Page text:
Bryce Harper, scoring here in a Ryan Zimmerman double in the fourth inning, continues his early-season tear, going 2-for-2 with two runs and a pair of RBI. He’s currently batting .417. (John McDonnell/The Washington Post)

Chicago White Sox Manager Robin Ventura had enough of the Washington Nationals lineup and the restless Bryce Harper. So in the fourth inning of the series finale on a wind-whipped Thursday night, he curiously made a call he hoped would help end the misery: Put Harper on base and take his chances against cleanup hitter Ryan Zimmerman. On yet another day, the Nationals and their treacherous lineup had backed an opposing pitching staff and manager into a corner.

As if tempted by fate, Zimmerman delivered a crucial two-run double following the unusual move. The Nationals dispatched the White Sox, 7-4, and claimed their second series sweep of the young season. With their offense humming and perturbing opposing pitchers, the Nationals rolled toward their looming weekend showdown with the first-place and new-look rival Atlanta Braves.

Dan Haren redeemed himself from an unpleasant first impression and allowed three runs over five improved innings in his encore performance. Ryan Mattheus pitched two innings, bridging Haren to Tyler Clippard and Rafael Soriano, who notched his fifth save. After 11-hit and 13-hit performances, the offense belted out another 10 hits. But the most memorable moment was the oddity of the fourth inning when Harper was intentionally walked for the first time in his major league career and Zimmerman delivered the winning difference.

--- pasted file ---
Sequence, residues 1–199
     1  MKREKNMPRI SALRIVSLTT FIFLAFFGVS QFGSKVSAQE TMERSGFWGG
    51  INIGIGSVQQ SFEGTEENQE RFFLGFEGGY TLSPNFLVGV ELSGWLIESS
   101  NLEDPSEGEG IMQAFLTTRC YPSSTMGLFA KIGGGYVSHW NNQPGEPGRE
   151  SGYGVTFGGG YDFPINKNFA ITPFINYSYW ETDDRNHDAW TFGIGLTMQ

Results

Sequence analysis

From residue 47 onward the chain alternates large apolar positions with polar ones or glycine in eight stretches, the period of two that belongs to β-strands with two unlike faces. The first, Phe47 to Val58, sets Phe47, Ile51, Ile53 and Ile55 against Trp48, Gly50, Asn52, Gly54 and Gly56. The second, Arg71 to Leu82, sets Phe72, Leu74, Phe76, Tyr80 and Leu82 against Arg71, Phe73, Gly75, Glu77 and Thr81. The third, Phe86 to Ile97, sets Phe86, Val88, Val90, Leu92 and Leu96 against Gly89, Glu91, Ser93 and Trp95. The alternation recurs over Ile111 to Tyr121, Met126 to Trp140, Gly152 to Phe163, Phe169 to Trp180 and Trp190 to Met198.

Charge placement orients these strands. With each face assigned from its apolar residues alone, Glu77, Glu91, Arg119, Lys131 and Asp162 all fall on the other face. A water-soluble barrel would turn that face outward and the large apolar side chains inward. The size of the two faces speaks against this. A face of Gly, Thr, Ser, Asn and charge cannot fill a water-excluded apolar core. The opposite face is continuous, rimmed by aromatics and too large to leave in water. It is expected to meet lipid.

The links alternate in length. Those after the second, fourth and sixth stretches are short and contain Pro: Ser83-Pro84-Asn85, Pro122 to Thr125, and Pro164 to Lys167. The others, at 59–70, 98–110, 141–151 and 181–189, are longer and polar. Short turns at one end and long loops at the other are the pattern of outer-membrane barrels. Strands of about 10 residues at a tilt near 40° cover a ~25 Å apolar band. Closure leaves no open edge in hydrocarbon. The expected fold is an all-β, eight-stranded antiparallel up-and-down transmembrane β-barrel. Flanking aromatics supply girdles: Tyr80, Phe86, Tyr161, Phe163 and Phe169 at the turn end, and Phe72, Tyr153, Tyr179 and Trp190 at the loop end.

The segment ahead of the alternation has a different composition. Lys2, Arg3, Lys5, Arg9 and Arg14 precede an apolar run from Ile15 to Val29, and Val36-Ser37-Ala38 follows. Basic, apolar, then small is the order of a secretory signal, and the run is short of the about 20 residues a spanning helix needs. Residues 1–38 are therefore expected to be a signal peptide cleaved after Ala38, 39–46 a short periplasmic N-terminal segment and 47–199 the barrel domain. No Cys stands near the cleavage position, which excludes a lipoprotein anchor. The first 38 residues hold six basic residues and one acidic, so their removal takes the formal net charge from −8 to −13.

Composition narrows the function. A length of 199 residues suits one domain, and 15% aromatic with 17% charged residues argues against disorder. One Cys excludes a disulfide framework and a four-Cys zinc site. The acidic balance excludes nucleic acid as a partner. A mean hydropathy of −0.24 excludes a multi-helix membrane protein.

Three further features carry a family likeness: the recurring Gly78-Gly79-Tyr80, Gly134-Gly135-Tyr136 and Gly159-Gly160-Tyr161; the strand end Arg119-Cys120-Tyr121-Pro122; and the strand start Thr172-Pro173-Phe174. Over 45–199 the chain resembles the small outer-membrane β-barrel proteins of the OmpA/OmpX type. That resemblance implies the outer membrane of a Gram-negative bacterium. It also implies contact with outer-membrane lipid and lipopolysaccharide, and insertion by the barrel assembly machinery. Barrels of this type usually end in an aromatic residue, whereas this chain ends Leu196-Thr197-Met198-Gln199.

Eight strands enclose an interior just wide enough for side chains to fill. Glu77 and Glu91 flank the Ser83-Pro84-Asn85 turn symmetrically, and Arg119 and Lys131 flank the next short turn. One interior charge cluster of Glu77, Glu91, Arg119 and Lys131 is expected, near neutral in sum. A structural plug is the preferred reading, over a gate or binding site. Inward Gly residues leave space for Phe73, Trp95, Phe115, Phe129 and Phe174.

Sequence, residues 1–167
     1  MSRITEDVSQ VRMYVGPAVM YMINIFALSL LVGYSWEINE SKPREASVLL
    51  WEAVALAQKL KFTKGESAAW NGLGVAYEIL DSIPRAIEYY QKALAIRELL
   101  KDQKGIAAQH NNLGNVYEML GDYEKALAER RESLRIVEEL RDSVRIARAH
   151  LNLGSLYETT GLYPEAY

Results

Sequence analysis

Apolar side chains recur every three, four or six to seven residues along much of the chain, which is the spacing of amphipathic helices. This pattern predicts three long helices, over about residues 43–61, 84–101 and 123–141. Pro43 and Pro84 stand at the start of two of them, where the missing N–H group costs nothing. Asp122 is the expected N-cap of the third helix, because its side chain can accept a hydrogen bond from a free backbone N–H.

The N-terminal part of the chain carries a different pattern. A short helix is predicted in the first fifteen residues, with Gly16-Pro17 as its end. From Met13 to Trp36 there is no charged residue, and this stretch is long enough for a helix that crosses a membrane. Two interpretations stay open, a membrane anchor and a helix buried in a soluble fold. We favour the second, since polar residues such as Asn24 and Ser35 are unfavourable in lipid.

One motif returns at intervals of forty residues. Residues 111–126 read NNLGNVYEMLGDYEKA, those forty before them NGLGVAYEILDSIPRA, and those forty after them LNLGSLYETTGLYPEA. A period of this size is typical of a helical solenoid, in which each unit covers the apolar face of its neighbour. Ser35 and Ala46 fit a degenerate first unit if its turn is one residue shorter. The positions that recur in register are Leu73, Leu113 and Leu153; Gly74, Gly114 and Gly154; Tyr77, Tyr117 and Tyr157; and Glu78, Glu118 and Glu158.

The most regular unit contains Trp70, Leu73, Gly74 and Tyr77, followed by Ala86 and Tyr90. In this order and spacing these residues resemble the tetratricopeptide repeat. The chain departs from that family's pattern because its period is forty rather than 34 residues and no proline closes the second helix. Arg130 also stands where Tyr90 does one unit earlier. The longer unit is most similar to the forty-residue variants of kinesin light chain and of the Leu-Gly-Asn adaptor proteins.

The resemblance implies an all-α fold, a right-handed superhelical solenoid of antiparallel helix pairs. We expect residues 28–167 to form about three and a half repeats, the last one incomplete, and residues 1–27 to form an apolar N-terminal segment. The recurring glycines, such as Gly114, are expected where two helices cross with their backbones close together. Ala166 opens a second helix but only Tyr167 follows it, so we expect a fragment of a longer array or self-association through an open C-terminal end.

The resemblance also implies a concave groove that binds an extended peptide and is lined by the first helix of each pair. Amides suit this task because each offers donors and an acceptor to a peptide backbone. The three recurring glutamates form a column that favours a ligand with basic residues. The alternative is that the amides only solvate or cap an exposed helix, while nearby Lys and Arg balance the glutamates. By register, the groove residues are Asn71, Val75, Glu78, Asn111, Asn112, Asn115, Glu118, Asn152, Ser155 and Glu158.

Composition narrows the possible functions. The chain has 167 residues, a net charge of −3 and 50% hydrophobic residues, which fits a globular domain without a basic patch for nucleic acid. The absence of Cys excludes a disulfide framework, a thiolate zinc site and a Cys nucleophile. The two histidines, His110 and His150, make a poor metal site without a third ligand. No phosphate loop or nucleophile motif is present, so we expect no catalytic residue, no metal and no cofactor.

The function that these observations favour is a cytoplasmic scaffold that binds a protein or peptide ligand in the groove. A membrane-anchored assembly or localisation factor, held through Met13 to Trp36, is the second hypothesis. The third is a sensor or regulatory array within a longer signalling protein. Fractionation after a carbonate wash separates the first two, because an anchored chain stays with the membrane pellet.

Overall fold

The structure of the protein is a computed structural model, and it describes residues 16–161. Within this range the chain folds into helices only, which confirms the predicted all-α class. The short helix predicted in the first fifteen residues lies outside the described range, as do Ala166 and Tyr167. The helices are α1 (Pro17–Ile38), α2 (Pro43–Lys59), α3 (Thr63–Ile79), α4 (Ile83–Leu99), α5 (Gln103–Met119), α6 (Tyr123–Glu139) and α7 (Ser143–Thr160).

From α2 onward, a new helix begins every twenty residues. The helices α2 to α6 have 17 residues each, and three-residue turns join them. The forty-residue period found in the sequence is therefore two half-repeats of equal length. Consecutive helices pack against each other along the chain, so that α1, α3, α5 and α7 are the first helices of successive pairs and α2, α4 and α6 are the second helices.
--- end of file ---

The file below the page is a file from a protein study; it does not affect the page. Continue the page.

“It’s not surprising and it surprising at the same time,” Mattheus said. “The guys you’ve got behind Harper, you’d rather face them than him right now. But it came back to bite him. Those are all-star, MVP caliber players, three of them in a row behind him. That’s just the beauty of facing a strong lineup.”

The Post Sports Live crew discuss the first two series for the Washington Nationals. After easily sweeping the Miami Marlins at home, the Nationals struggled against the Cincinnati Reds. (Post Sports Live)

The Nationals’ lineup, tweaked this winter, continued to pester starters and give managers fits by having to turn early and often to their bullpens. Led by Denard Span and Jayson Werth, the first inning was an endurance test for Dylan Axelrod. Span massaged six pitches out of Axelrod’s right arm. Then Werth battled him for 10 pitches and a single. By the end of the inning, Axelrod had fired 40 pitches. That laid the groundwork for the fourth inning.

The Nationals have chased eight of the past nine opposing starters from the game by the seventh inning. In the first game of the series, they drew out four relievers from the White Sox bullpen. By the time the Nationals chased Axelrod after only 11 outs, the White Sox were sending a reliever to the mound for the eighth time in the series.